Text: Tanja Harjuniemi
Scope Asia's Team visited the tiny Nusa Ceningan Island close to Bali; it's such a scenic and peaceful place still hidden from mass tourism. We were aware that groundwater there is salinated, but how salinated, we wanted to find out.
We spent a night in an eight bungalow's Blue Lagoon Secret Villas, and while brushing the teeth before going to bed, it became apparent; there was a minor salty taste in tap water.
Only a year ago the owner Ketut Warta with his business partners drilled a 40 meters deep borehole to get fresh water. The drilling is located a few kilometers from the beach up in the hill from where the water is piped to the resorts.
For the first month, the water was fresh and sweet, but then it started to turn into saline.
In the morning we tested the water. Tap water's TDS level was 5.500 mg/l.
Total dissolved solids (TDS) is a term to describe the inorganic salts and minerals in the water. Swimming pool's TDS was lower, 3.000, because there was heavy rain during the night.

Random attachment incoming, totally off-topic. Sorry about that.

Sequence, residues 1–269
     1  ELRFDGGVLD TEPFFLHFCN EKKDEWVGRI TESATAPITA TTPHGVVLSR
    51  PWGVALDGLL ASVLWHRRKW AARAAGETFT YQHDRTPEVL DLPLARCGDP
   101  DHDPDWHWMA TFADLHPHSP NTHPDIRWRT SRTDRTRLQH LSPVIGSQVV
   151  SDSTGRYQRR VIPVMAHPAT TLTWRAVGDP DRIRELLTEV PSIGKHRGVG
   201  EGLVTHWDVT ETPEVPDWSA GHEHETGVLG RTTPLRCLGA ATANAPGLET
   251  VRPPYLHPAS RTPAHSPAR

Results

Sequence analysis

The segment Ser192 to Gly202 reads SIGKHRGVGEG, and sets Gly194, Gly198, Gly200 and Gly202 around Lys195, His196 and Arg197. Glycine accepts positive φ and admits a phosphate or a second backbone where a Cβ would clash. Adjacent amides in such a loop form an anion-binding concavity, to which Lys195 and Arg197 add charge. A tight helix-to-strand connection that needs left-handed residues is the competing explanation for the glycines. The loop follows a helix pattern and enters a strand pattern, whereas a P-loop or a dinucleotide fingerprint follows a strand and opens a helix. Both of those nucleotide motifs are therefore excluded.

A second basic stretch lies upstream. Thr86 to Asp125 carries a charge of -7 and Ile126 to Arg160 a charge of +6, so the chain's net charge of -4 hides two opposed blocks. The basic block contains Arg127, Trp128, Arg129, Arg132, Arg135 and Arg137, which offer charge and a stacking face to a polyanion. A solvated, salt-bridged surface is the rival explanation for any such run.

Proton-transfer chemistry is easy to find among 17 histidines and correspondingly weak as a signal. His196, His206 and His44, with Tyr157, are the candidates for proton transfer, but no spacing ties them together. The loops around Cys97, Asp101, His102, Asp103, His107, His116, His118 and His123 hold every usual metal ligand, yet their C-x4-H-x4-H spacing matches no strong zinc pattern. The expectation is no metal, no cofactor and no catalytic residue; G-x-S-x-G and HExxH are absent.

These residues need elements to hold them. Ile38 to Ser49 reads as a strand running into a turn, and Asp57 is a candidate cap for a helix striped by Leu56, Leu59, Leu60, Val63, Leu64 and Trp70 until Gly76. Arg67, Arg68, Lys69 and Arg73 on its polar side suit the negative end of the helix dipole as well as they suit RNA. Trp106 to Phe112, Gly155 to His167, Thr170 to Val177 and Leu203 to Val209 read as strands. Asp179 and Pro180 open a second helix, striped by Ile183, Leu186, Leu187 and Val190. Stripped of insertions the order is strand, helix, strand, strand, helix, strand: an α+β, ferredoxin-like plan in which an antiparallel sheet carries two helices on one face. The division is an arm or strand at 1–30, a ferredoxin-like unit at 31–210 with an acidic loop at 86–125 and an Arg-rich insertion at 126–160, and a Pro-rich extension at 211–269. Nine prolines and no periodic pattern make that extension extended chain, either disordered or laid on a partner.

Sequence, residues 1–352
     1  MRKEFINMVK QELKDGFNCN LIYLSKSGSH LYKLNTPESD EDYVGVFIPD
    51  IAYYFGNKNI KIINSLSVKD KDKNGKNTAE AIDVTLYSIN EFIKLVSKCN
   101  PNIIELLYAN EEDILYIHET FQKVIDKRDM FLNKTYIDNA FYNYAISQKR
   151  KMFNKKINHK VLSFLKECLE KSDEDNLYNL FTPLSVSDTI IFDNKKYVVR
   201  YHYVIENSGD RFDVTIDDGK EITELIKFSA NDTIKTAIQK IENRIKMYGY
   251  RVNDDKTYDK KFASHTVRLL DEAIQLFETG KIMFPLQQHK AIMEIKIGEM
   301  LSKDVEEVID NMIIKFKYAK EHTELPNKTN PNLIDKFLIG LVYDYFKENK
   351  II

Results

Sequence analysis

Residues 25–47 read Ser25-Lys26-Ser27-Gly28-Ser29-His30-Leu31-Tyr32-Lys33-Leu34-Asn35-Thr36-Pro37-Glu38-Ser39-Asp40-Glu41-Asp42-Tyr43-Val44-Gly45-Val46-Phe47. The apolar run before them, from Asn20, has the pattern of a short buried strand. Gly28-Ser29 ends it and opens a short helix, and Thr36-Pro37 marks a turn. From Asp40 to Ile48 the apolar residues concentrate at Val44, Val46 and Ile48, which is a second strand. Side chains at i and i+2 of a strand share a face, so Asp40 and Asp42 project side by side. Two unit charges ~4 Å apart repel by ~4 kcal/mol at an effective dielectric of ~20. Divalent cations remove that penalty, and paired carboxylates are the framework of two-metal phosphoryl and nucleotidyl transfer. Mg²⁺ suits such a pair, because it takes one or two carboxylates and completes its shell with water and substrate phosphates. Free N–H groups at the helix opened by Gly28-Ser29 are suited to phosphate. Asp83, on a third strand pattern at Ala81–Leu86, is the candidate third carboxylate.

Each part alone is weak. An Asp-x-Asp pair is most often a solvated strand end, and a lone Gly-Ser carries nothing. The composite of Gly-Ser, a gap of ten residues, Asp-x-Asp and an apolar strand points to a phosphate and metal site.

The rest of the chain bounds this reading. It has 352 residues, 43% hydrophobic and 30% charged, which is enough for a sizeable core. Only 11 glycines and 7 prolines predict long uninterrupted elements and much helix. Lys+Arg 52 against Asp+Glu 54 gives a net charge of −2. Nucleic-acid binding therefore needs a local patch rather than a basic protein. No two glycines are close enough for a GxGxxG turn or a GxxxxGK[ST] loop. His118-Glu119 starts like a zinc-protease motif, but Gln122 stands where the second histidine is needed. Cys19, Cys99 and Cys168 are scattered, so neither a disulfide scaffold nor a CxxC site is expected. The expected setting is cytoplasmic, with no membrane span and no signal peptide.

Water with that high TDS is of course not drinkable, but tourists find it also too salty to brush teeth, shower or swim even in principle it's suitable for those purposes.
"Guests are complaining. Salty water is not good for business", says Ketut.
TDS level for excellent drinking water is less than 300 mg/l and for unacceptable drinking water more than 1.200 mg/l.
There are methods to desalinate water, for example reverse osmosis. Scope Asia's solutions from Finland and Switzerland for desalination would do the job cost-efficiently and sustainably, but for Ketut, it would mean another investment only a year after the borehole investment.